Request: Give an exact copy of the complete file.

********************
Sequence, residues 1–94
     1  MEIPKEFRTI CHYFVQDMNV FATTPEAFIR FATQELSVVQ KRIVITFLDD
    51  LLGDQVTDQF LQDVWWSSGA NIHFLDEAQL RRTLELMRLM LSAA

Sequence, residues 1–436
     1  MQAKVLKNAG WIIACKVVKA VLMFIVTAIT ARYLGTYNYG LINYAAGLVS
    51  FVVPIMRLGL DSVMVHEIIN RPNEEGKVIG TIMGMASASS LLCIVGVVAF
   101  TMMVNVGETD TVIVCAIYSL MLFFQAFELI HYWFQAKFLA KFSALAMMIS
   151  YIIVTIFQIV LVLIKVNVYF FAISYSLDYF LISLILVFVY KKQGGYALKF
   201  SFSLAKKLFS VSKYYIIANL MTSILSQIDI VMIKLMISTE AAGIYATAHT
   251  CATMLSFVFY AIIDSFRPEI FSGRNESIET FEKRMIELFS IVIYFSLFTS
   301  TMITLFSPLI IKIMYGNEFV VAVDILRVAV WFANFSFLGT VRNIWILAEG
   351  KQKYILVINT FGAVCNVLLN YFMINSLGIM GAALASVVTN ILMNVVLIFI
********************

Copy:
Sequence, residues 1–94
     1  MEIPKEFRTI CHYFVQDMNV FATTPEAFIR FATQELSVVQ KRIVITFLDD
    51  LLGDQVTDQF LQDVWWSSGA NIHFLDEAQL RRTLELMRLM LSAA

Sequence, residues 1–436
     1  MQAKVLKNAG WIIACKVVKA VLMFIVTAIT ARYLGTYNYG LINYAAGLVS
    51  FVVPIMRLGL DSVMVHEIIN RPNEEGKVIG TIMGMASASS LLCIVGVVAF
   101  TMMVNVGETD TVIVCAIYSL MLFFQAFELI HYWFQAKFLA KFSALAMMIS
   151  YIIVTIFQIV LVLIKVNVYF FAISYSLDYF LISLILVFVY KKQGGYALKF
   201  SFSLAKKLFS VSKYYIIANL MTSILSQIDI VMIKLMISTE AAGIYATAHT
   251  CATMLSFVFY AIIDSFRPEI FSGRNESIET FEKRMIELFS IVIYFSLFTS
   301  TMITLFSPLI IKIMYGNEFV VAVDILRVAV WFANFSFLGT VRNIWILAEG
   351  KQKYILVINT FGAVCNVLLN YFMINSLGIM GAALASVVTN ILMNVVLIFI